Should Philly Sell It’s Soul? Has It Already?

One of my most frustrating days as a Philadelphian was November 4th 2020. I woke up like Han Solo the day after the Death Star blew up and was more than ready for a new day. I got my big ass on my bike and rode through South Philly. I studied the faces of people as I passed them. There was an obvious, light-hearted feeling in the atmosphere. Spirits were high.

I parked my bike at one of the many identical coffee shops, looking to buy a drink… then it happened. A newspaper headline sat on the countertop mocking me… “Jawn of Democracy,” it read. Simple one of the hardest missed marks of all time. 

I never thought I would see the day that the ever-applicable ‘jawn’ would be mis-used. How do you misuse a word that can be applied to “anything?” To top it all off, there was nothing but white folks in the cover photo. The only thing that stung more was when they said it in Creed and it sounded like someone said the name “John” with a goofy British accent. 

Twitter had two very different reactions to this hate crime. 

I was happy when this happened, it served as a wake up call. With all the progress the city has been making, one question that gets swept under the rug is: has Philly lost its way?

Let’s take it back, not all the way to 1776 but to 1993. The movie ‘Philadelphia’ was released and was an immediate hit. It did so well, to this day the most viewed video with ‘Philadelphia’ in the title is Bruce Springstein’s single on the soundtrack. Obviously this is a pre-internet boom so up until this point, Philly was most known for crazy sports fans, Rocky, Boyz 2 Men and the Fresh Prince theme song. Over the next 10 years, Allen Iverson, Jill Scott, The Roots, Beanie Siegel and State Property would be added to that list. And then, year by year the city began making quantum leaps. 

If I had to mark the start of it, I’d say it began with the Phillies winning the World Series in 2008. It was as if we realized “holy shit, we don’t just have to scrap and claw in sports, we could actually enjoy winning.” That was swiftly followed by the Sixers tanking / The Process. Then Creed reinvigorated the Rocky fans while shedding light on the new additions to the cult following. Throw in renaming the “Gallery,” a Super Bowl win and a wave of influence from people who finally realized how cheap IT WAS to live here and boom, we landed on the doorstep of 2019. But with all of that, Philly was still known most for being a “tough place.”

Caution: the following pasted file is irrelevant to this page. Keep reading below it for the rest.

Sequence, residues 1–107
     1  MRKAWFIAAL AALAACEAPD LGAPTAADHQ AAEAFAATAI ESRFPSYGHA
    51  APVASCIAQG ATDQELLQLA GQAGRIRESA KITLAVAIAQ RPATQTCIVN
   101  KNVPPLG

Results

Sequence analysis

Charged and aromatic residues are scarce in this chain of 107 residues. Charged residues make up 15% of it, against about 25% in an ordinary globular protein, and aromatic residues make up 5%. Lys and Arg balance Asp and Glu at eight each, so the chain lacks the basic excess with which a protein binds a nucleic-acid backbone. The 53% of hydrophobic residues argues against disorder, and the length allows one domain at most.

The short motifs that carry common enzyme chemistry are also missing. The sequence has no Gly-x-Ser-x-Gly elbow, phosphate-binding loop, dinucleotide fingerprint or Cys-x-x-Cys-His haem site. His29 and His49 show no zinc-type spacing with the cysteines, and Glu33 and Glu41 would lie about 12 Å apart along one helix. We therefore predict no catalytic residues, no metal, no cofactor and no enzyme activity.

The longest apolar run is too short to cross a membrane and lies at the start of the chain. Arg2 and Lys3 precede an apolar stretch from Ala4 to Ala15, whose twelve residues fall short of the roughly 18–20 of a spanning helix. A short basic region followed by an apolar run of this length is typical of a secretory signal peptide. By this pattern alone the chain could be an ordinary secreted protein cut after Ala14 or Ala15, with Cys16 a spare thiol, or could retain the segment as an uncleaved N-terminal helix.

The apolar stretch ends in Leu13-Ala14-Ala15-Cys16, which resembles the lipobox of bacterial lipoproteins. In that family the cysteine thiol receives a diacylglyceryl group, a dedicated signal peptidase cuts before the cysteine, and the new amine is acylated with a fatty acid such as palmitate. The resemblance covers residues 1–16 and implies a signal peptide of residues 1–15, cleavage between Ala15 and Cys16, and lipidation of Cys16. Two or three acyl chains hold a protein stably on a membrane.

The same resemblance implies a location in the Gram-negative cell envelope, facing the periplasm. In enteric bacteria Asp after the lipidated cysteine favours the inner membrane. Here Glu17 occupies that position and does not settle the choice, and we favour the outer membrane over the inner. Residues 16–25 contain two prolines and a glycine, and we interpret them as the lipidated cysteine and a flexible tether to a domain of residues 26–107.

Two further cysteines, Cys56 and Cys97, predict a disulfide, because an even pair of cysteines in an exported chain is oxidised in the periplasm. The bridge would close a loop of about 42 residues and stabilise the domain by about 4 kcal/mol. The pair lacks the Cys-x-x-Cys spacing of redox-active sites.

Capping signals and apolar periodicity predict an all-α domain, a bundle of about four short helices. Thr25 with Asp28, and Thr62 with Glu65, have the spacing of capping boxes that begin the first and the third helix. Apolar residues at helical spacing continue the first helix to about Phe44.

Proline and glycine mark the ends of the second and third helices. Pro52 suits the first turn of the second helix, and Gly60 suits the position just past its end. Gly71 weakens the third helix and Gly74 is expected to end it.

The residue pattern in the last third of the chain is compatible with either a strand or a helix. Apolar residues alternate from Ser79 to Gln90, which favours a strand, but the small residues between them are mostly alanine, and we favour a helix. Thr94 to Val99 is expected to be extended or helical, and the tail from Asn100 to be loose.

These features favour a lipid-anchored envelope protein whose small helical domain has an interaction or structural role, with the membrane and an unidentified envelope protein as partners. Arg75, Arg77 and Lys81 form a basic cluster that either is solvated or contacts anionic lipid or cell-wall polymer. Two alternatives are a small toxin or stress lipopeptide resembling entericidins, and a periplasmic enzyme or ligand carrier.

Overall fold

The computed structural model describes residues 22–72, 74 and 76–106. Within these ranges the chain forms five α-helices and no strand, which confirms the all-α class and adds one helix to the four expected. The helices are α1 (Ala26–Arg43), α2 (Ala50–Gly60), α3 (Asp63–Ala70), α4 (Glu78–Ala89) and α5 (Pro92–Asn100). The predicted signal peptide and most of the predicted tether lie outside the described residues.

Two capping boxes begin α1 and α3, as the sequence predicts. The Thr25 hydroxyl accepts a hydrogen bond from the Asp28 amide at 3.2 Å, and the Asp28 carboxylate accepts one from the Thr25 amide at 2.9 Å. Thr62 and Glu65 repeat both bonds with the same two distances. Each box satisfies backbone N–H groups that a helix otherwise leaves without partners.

Anyone who’s lived here long enough knows that statement is undeniable, but not necessarily fair. It doesn’t mention all of the art, food and educational contributions we make decade in and decade out. It doesn’t mention the countless movies and shows that are shot and based here. It doesn’t mention how Philly is like Switzerland for chefs trying to find tax refuge from our neighbors DC and New York City. It doesn’t mention that a Temple student cured the simian version of HIV. Most of all, it underestimates the importance of our National Anthem ‘What We Do’ by Freeway. 

We really are the City of Gems (you can’t tell me ‘Brotherly Love’ is a cool nickname) because of our hidden highlights that only people from here could show you / appreciate. So what happened? It’s simple: we sold the secret sauce for the notoriety that in all fairness, is long overdue. 

Take Mare of Easttown for example. My colleague Shealyn Kilroy summed it up perfectly in critiquing the show for being too on the nose with call-outs like Wawa and “wooder.” None of this is Citizens App worthy, if you’ve been here for more than 5 years but to the rest of the world it’s incredible. Not because we’ve reinvented the wheel but because they’ve finally figured out what makes such a weird city tick. 

In the ‘pro’ column, Philly has turned into a hot bed for films and shows over the past 10 years. The Goldbergs, Shazam, Concrete Cowboys, and Emmy winners ‘Queer Eye’ and ‘How to Get Away with Murder’ have all taken place here. Personally I feel worrying about ‘jawn’ being gentrified is a good problem to have. But it does make one think, was it worth it? Has letting the world know about our value apart from Cheesesteaks and being a blue collar city really play into our favor? Did trading the classic 2001 Sixers jersey for the Boathouse Row city edition pan out? I’ll answer those questions with a question: What has holding out for long really got us?

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